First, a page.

By Reid Maki, NCL staff
Healthcare consumers and child labor advocates are celebrating a shared victory in the U.S. Congress this week. When the House passed the Genetic Information Nondiscrimination Act on May 1 — a week after it passed the Senate — advocates for patients with genetic risk factors for many common diseases like diabetes, breast cancer, and colon cancer breathed a sigh of relief. The bill makes it illegal to discriminate against patients because of information gathered through genetic testing. Insurance companies will no longer be able to deny patients insurance or raise their insurance premiums because of their increased risk based on genetics.
An amendment in the bill, authored by Rep. Lynn Woolsey (D-Calif.), also added some teeth to the nation’s child labor laws. The amendment gives the Department of Labor the ability to increase fines in cases in which children working on the job are killed or seriously injured. In labor violations that cause death or serious injury, the penalties would be increased from $11,000 to $50,000. The fines could also be doubled if investigators find that the safety violation was either willful or repeated. The legislative language allows penalties to be assessed for each violation (e.g., if two or more working children are injured in the same accident).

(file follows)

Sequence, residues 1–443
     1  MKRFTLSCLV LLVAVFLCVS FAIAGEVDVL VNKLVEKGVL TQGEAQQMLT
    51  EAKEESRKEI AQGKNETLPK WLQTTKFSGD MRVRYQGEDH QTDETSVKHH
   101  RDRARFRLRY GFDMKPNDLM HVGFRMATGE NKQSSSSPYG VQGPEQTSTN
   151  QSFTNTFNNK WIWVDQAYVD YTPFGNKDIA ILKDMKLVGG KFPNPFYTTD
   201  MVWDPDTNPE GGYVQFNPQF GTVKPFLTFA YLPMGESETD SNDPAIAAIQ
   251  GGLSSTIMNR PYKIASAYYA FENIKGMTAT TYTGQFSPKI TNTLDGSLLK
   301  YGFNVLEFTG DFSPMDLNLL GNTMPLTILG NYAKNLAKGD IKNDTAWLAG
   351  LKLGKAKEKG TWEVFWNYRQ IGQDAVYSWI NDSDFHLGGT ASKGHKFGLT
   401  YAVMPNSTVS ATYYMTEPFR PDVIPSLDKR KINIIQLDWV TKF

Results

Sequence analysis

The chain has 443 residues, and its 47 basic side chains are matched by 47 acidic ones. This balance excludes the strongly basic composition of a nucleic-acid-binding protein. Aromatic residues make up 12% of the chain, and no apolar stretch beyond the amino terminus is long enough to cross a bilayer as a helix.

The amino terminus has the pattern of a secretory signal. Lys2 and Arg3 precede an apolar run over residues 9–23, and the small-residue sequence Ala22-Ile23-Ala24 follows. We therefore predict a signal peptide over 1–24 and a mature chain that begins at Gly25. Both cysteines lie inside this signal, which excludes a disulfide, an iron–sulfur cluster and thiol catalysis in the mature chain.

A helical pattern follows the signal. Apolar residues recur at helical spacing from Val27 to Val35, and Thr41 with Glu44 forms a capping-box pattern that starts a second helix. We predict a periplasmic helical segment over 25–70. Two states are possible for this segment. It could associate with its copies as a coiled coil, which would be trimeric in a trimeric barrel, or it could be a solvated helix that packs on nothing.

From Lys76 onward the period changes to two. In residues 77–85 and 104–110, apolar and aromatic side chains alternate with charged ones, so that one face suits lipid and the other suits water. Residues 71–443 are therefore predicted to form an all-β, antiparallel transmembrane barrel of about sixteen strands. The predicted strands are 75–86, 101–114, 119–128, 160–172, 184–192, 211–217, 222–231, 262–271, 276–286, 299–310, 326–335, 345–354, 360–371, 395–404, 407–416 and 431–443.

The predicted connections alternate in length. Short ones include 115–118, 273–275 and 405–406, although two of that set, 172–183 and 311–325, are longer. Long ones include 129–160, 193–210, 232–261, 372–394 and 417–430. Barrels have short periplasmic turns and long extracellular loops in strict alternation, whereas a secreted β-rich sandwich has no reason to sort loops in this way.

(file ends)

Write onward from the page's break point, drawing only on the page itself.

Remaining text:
Unfortunately, the bill could have gone a bit further: the language does not make penalties mandatory. And it does not set minimum fines as the language proposed by Senator Tom Harkin (D-Iowa) would have. In talking about the child labor language last year, Rep. Woolsey said, “There is much that must be done to strengthen our child labor laws.” The new provisions, she added, are “a small beginning.”
President Bush has indicated that he will sign the Genetic Information Nondiscrimination Act into law when it reaches his desk.